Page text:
Some time ago--I don't remember exactly when and it's frustrating that I can't find the e-mail now--a woman representing a company called efoods wrote and told me about their product, which is packaged food that you can store up to 25 years and can be used in times of natural disasters, quarantines and pandemics, food supply contamination, economic downturns and "because government and religious organizations urge people to be prepared."
They guarantee that their foods are fresh from the farm, use only the finest, purest and most nutritious natural ingredients, are delicious, that their dehydration process allows a shelf life of 25 years without compromising nutritional value, flavor or texture, are affordable, and practical (one example is packing them for camping trips).
She asked if I would consider trying some of their products and writing a review on my journal. Never one to pass up a chance for free food, I agreed. She said she would send me 6 meals and I think I wrote about that here in this blog...that the food would be coming.
I kind of forgot about it and wondered if the 6 meals would be delivered by UPS. Today I picked up the mail and there was a package in it. It was so small--it couldn't be six meals, could it?
But yes it was...6 meals.
And yes, it really is good for 25 years!
There is a discrepancy in how many servings this actually is. One place it says that one serving is 2 cups, which makes each bag two servings. In another place it says that one serving is only ONE cup.
There were three different meals:
I decided to cook the Cheesy Chicken Rice Casserole for dinner tonight (I suspect the two soups will end up being an accompaniment for something a bit more substantial).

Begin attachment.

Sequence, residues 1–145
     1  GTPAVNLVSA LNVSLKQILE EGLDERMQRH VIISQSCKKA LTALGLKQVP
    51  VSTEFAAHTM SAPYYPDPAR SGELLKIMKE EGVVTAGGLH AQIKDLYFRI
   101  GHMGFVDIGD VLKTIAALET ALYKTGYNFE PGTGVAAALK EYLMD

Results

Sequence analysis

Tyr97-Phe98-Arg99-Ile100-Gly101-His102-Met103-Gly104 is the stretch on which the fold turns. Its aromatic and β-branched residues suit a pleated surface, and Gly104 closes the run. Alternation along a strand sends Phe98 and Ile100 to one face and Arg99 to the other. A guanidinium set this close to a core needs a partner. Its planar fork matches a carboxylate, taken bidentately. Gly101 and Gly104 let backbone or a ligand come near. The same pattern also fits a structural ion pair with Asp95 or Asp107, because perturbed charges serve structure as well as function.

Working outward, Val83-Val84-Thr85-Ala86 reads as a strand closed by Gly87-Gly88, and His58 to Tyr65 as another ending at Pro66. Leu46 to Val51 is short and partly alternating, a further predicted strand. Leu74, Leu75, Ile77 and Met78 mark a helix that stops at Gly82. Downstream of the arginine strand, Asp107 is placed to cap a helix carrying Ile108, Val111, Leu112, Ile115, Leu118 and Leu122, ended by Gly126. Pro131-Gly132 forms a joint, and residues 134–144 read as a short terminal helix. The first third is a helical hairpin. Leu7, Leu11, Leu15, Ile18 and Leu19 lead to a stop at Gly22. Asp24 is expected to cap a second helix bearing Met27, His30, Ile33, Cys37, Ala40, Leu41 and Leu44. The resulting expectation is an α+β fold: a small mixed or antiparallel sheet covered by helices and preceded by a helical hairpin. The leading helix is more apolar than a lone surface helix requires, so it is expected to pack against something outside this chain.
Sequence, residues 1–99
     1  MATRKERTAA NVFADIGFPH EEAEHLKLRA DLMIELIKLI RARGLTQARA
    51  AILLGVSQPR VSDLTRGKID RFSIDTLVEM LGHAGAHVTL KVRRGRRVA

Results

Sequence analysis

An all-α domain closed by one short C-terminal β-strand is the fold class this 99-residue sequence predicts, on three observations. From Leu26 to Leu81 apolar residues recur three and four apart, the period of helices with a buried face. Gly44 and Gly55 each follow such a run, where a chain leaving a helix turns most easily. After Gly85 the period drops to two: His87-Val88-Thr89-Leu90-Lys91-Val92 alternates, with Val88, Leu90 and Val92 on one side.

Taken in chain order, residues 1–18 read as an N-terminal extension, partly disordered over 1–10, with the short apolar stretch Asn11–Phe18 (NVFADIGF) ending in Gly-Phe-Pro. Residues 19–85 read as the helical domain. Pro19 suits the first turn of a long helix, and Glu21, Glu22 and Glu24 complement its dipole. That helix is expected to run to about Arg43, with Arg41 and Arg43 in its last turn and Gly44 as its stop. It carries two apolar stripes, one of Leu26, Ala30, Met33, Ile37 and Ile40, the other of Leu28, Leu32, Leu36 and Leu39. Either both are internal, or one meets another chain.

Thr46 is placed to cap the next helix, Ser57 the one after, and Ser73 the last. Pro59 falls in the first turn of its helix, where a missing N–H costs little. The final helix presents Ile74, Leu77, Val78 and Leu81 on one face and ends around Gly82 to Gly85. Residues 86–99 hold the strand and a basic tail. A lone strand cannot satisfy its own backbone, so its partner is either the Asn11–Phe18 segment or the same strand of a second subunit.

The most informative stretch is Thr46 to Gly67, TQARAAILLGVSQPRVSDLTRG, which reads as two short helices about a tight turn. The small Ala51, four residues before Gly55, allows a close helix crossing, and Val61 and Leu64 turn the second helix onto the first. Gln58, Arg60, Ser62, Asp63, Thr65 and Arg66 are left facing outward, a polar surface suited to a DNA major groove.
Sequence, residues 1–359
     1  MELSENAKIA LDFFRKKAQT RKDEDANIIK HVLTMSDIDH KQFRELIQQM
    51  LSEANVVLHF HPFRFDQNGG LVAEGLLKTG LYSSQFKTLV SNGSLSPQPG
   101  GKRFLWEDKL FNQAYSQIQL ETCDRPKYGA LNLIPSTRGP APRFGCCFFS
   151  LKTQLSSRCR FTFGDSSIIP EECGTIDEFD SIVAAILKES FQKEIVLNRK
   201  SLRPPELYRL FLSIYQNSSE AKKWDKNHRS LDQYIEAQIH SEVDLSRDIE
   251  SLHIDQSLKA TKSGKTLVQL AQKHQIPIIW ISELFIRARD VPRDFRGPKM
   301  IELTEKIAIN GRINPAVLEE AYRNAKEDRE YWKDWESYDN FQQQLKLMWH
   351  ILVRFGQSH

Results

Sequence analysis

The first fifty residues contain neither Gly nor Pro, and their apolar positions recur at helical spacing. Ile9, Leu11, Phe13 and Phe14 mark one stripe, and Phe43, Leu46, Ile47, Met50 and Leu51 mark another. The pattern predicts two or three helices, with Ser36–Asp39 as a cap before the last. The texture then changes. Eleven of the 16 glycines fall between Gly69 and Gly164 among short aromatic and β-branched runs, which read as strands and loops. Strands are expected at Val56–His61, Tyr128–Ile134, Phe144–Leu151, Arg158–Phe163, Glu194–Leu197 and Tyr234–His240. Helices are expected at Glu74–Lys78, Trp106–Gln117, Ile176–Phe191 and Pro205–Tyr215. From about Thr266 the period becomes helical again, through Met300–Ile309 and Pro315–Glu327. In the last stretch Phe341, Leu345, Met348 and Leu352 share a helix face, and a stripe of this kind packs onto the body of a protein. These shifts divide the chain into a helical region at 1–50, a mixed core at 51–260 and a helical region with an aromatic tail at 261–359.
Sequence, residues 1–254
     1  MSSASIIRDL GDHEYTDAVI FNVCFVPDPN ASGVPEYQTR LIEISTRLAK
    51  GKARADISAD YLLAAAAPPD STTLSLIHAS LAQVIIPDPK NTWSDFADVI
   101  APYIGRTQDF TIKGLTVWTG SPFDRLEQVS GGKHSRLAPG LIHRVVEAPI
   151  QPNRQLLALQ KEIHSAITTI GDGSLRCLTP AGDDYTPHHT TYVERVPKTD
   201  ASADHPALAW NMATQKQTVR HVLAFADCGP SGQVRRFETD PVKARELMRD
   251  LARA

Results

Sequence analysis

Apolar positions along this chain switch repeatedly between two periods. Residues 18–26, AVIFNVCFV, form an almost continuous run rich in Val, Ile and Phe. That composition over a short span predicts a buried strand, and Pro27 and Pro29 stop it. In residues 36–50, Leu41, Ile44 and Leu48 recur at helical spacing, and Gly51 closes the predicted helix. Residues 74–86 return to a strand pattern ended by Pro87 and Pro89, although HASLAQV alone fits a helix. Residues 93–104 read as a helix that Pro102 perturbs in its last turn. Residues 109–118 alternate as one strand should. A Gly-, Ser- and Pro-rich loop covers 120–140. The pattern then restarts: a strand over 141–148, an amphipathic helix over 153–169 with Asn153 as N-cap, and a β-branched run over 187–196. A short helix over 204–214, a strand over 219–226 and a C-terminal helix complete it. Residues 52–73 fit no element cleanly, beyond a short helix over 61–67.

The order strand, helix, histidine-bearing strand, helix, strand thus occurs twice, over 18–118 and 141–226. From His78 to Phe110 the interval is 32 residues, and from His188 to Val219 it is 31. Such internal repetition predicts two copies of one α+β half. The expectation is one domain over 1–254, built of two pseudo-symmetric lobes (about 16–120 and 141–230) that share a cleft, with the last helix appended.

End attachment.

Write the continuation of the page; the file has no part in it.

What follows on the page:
Certainly couldn't be easier. First you bring 5 cups of water to a boil. (If you can boil water, you can make this casserole!)
While the water was boiling, I opened the pouch and took a sniff. I can be somewhat turned off by a bad smell, but this smelled like a package of Lipton's chicken noodle soup. So far so good.
When the water begins to boil, pour in the mixture and whisk it into the water.
Turn the heat to medium and let cook for 20-25 minutes, stirring occasionally.
When the time is up, remove from the heat, add 2 Tbsp of butter (optional) and let sit for 5 minutes.
When it's ready, spoon into bowls.
I will admit that it didn't look much like the picture in the brochure.
Based on that picture, I expected to find chunks of chicken in the bowl, but if there were any, I certainly didn't see any. But the real test would be the taste.
Walt decided it was good, so I tasted mine and was pleasantly surprised...Despite the ad material, I expected it to taste processed and it really didn't. It was delicious, in fact. And the packet served the both of us for dinner, without the need for a side dish.
Best of all, it got the dog's seal of approval, when she licked my bowl!
So the first dish passed with flying colors.
In addition to the three meals that I have (and I will report on the others later), the catalog includes such things as almond coconut granola, pancake mix, beef stroganoff, chili and dumplings, vegetable beef stew, and other things--2 dozen choices in all. including "whey milk" which I think I would have to be in dire straits to try.
This stuff isn't cheap. A 2 week food supply will cost you $79.95, a 6 month food supply $799.95. This, I assume is for 2 people because a 6 month family food pack will run you $3,149.95. But if you are a survivalist and want to be sure that you can make it through any natural disaster, or feed your family in case you get laid off and want to lock things in at today's prices, this may be for you.
For more information you can check them out at their web site. You, too, can order 6 free meals using the coupon that is presently up on the site. I will be reviewing the two soups in a later entry, though not in such a detailed report.